Pep Guardiola insists he did not prioritise the Champions League ahead of Manchester City's surprise loss to 10-man Leeds.
The Premier League leaders came unstuck for only the second time in 29 games in all competitions on Saturday as they were beaten 2-1 after Guardiola made seven changes to the side.
With a comfortable lead at the top of the table and Wednesday's quarter-final second leg against Borussia Dortmund to plan for amid a continuing quadruple bid, Guardiola could perhaps be forgiven for focusing his attention elsewhere.
The City manager maintains, however, that is not how he works and has strongly defended his selection, pointing out he has made regular changes throughout his side's strong run.
Guardiola said: "Listen, I made changes but maybe I will play the same team in Dortmund.
"I've said many times they play because I want to let them play, not because I reserve these players.
"I demand [of] every team I send out that they win. I don't select competitions.
"I select every team to win a specific game. If not, it would not be possible to arrive in the position that we we are in the Premier League and the other competitions."
Kevin De Bruyne, Riyad Mahrez, Phil Foden, Ruben Dias and Ilkay Gundogan - some of Guardiola's key performers of late - were all on the bench against Leeds.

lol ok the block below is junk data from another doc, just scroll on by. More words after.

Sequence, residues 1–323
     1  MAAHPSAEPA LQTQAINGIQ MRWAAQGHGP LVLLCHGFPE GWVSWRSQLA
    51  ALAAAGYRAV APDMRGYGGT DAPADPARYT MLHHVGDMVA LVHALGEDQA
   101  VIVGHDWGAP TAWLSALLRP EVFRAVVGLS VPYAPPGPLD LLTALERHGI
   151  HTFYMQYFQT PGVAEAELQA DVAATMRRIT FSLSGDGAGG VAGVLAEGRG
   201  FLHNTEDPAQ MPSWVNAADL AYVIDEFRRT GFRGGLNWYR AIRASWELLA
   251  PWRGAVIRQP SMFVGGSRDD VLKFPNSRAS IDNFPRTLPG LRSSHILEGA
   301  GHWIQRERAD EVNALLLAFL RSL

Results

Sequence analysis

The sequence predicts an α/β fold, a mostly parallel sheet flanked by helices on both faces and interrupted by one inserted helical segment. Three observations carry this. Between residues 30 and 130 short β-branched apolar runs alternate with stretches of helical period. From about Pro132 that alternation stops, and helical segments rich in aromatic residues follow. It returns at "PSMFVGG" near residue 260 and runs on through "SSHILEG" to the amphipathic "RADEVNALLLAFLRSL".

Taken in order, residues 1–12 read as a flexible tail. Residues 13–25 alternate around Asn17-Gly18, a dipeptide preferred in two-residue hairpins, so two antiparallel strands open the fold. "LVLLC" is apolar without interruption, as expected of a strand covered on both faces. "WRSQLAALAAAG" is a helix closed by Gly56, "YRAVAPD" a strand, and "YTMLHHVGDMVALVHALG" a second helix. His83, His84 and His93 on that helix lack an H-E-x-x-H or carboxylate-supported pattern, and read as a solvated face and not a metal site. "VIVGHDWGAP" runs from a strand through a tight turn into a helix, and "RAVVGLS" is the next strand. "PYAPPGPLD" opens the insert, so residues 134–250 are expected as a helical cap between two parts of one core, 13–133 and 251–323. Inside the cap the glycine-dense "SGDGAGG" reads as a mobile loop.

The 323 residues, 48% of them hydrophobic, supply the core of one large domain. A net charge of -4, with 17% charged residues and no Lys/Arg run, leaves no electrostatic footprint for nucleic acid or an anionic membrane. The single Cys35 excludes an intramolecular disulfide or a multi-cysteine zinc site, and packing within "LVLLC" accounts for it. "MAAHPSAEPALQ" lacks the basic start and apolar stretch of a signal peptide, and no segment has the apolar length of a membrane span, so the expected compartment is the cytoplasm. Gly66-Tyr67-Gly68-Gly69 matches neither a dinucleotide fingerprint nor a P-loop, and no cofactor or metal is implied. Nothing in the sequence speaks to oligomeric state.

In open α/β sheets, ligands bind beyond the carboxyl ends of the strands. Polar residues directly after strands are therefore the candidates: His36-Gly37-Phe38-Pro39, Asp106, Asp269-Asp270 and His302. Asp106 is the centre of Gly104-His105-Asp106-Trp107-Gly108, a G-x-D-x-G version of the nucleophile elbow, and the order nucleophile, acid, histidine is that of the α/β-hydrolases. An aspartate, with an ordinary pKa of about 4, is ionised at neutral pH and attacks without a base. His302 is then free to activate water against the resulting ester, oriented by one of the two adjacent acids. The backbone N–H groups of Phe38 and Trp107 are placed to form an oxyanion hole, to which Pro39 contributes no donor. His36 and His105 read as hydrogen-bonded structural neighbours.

Yet the side selected still dominated, racking up 29 shots as Leeds played more than half the game with 10 men after Liam Cooper was sent off. They were caught out in stoppage time as Stuart Dallas grabbed his second goal of the game on a rare Leeds attack.
Guardiola said: "I decided on the selection and, with 29 games and 27 won, the rotation was exceptional, wasn't it? Now it [seems to be] a problem as [people] ask.
"It can be possible, but when you win the reason why can be the selection and when you lose the reason why can be not the selection.
"But I don't know. If you can tell me that if the others played, and assure me 100% that we'd have won, then you would be a perfect manager.
"I don't know if I'd made another selection what would have happened."